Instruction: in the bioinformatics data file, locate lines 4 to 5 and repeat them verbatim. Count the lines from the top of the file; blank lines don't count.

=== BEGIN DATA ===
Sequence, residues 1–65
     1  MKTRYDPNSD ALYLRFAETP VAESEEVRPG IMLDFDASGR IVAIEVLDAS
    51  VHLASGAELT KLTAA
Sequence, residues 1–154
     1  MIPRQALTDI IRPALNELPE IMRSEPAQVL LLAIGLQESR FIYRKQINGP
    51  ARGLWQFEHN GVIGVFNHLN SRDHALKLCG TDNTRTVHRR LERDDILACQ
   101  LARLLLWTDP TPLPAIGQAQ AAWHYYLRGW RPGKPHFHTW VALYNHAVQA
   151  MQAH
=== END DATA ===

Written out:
Sequence, residues 1–154
     1  MIPRQALTDI IRPALNELPE IMRSEPAQVL LLAIGLQESR FIYRKQINGP